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Annie Leonard Headshot

Why Democracy Only Works When People Are in Charge

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I don't get it. Poll after poll shows that the majority of Americans care about the same stuff I care about: secure jobs, good schools, healthy environment, clean energy and responsible government. I am not surprised that people want these things; they are pretty basic, red state-blue state, ingredients for a good life. But it's not happening.

We have a democracy -- as in majority rule -- and yet we can't get action on what the majority wants. What's up with that?

Last year I called a bunch of professional activists who work on climate issues in Washington, D.C. I was curious why the strongest legislation under consideration in Congress was still far weaker than what the science tells us is needed to curb global warming. The explanation was consistent: "It's the best we can get."

It's the best we can get? Who says? We're confusing political reality with physical reality.
There's no reason we can't have an economy that provides secure jobs and a healthy environment. There's no reason we can't have clean energy, good schools and all the other basics that would make life in America even better. This is America, after all. We are blessed with natural resources and a can-do spirit: we dream big, we aim high, we work together to overcome challenges.

So, why can't we handle such basics as keeping our air clean, teaching our kids math, and providing safe drinking water?

I went back and asked my DC friends, 'What's getting in the way of real solutions?' Again, the answer was consistent: the manipulation of our democracy by big business interests.
This should not come as a surprise. A recent poll by Hart Research found that 85 percent of Americans say corporations have too much influence on our democracy. Corporations hire armies of lobbyists and corporate representatives sit on so-called" independent" advisory committees that feed policy recommendations to government. And, as we saw in November, corporations pour huge amounts of money into campaigns to support or oppose candidates of their choice.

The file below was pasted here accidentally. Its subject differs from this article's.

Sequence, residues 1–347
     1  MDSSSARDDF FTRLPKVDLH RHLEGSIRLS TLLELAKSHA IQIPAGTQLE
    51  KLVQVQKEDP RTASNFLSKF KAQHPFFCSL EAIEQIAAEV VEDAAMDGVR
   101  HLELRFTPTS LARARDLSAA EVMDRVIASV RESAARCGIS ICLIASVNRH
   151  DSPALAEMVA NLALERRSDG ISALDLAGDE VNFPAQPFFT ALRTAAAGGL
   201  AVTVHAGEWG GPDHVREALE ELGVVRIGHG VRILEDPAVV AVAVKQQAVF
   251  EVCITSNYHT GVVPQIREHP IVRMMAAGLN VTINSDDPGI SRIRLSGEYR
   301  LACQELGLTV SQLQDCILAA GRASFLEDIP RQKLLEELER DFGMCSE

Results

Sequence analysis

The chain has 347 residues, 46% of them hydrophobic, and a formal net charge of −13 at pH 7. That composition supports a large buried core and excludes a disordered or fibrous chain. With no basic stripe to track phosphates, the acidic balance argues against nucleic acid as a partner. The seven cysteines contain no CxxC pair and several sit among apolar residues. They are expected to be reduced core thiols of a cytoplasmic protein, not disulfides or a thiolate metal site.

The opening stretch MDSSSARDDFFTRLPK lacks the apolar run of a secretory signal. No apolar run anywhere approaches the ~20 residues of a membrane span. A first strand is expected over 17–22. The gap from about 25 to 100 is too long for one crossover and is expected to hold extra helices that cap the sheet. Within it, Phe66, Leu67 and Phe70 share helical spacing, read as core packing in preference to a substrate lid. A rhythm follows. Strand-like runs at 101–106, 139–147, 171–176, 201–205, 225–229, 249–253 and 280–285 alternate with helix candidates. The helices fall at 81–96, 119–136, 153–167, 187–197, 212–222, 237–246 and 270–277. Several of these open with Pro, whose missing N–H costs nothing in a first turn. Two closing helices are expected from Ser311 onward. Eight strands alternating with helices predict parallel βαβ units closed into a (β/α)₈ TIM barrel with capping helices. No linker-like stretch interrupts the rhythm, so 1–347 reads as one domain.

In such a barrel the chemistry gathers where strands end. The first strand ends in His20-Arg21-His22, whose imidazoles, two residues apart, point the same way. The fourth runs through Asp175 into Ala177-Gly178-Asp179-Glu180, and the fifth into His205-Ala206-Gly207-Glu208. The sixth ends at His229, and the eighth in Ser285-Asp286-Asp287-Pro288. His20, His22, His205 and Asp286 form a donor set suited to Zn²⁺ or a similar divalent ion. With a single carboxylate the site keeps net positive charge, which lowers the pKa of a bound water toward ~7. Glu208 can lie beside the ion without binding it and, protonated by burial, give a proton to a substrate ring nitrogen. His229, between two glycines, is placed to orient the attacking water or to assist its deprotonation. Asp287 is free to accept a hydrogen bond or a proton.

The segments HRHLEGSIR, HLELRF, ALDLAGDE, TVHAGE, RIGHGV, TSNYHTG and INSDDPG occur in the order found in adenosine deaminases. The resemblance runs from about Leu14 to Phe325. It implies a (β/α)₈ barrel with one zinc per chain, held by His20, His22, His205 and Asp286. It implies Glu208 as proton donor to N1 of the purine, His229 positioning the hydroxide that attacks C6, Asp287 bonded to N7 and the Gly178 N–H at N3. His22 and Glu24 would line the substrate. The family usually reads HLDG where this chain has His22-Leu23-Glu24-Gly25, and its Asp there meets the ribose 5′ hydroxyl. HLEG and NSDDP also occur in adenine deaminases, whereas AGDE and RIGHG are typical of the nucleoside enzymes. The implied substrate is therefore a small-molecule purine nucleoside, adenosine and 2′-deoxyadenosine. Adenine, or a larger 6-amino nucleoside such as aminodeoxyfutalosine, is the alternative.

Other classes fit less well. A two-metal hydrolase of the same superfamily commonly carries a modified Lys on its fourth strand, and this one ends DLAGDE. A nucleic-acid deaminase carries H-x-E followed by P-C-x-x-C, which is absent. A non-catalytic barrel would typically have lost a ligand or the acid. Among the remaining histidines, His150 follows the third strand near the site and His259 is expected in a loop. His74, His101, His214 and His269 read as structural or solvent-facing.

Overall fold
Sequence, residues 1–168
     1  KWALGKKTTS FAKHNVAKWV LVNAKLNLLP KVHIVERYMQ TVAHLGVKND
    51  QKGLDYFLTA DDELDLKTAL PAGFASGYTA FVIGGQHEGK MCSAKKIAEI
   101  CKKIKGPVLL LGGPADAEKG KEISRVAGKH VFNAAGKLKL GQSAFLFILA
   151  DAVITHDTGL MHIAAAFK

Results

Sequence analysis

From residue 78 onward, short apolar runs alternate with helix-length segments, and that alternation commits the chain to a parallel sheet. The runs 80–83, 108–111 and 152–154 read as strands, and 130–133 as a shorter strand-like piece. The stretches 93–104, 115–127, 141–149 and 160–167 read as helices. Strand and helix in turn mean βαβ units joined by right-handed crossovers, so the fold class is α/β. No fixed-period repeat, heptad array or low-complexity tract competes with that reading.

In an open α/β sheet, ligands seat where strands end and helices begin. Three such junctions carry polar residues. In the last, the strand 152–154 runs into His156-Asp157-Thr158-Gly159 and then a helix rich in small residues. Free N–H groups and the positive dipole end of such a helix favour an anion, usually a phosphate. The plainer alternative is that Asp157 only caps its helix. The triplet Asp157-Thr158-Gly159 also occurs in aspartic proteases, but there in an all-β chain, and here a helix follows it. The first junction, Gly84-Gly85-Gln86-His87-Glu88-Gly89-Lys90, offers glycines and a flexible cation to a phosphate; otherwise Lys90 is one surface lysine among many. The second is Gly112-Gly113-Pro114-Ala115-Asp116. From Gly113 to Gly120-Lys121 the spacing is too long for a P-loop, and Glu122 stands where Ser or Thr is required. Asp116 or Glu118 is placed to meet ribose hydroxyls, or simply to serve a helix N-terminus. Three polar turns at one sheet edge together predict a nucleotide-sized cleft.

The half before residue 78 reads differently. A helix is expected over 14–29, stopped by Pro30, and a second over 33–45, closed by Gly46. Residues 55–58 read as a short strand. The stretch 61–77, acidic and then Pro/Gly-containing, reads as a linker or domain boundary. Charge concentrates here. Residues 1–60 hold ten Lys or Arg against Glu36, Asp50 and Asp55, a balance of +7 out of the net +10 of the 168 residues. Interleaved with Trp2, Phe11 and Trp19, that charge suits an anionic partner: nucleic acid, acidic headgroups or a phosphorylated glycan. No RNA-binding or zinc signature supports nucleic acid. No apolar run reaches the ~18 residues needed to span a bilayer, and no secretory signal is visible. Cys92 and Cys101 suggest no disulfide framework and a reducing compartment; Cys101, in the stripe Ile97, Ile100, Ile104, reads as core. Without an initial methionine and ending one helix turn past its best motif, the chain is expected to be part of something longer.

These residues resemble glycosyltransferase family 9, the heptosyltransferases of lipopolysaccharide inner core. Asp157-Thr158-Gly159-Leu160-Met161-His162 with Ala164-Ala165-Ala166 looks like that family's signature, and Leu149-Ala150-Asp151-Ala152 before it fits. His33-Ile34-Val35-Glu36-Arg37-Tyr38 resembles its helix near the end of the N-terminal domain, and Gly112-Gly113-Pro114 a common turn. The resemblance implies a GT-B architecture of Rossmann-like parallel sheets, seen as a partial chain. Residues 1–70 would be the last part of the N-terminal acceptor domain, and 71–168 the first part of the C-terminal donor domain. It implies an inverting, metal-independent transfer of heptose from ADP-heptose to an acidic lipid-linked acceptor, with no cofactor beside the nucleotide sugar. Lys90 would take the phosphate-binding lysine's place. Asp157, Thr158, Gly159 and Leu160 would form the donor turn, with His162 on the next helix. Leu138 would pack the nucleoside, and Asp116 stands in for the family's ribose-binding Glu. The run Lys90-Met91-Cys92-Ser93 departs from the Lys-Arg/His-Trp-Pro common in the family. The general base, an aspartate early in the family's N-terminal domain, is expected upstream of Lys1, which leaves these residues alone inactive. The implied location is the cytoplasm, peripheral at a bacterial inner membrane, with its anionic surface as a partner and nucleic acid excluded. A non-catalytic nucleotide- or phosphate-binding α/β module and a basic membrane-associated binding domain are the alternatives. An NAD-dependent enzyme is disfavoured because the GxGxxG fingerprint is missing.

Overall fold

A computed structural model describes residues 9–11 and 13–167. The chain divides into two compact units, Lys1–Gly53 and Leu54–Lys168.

If it seems like it's getting worse, that's because it is. We can thank the Supreme Court for that.
In the 2010 case known as Citizens United v. F.E.C. - the Supreme Court ruled that corporations can spend as much money as they want from their corporate coffers to influence election outcomes. The corporations say it's free speech, but there's nothing free about it. If corporations - say Exxon, which made $30 billion last year - spend even a tiny percentage of their profits on influencing election outcomes, they can dwarf the contributions from real live citizens (that's you and me), skewing election results to favor their own interests. Which, let's face it, aren't always the same as the interests of workers, families and the environment.

Democracy: government of the people, by the people, for the people. It's the platform where we work out our differences, dreams and desires and figure out how to move forward as a society. We can't have a healthy functioning democracy with corporations given legal status equal to real people. It just doesn't work.

And we can't solve today's pressing environmental, economic and social problems without a healthy functioning democracy. Which is why we need to band together to do two things: get the corporations out of our democracy and get the people back in. (It's also why I decided to devote my latest film - launched today - to this very issue. Please watch The Story of Citizens United v FEC: Why Democracy Only Works when People are in Charge, and pass it on.)

One way to put the brakes on the excessive influence of corporations on our democracy is to undo the disastrous Citizens United decision. And the most lasting, meaningful way to do that is with a constitutional amendment. It's a tall order, but many organizations are launching campaigns for one. An amendment needs to confirm that the free speech protections in the First Amendment don't extend to for-profit corporations.

A constitutional amendment won't solve all the problems with corporate influence of our democracy, but it is a great place to start. If the Citizens United decision stands unchallenged, elections will be no more than auctions, with political offices available to the highest bidder, and unavailable to those who prioritize public - rather than corporate - interests.

Regardless of whether you're passionate about healthcare or the climate, product safety or workers' rights, this is your issue too. Corporate influence is in the way of our achieving a healthier, more secure, more fair society.

So let's defend our democracy by putting it to use right now: join a campaign to get corporations out of politics. Then we can truly have a democracy of the people, for the people and get to work making America the best it can be.

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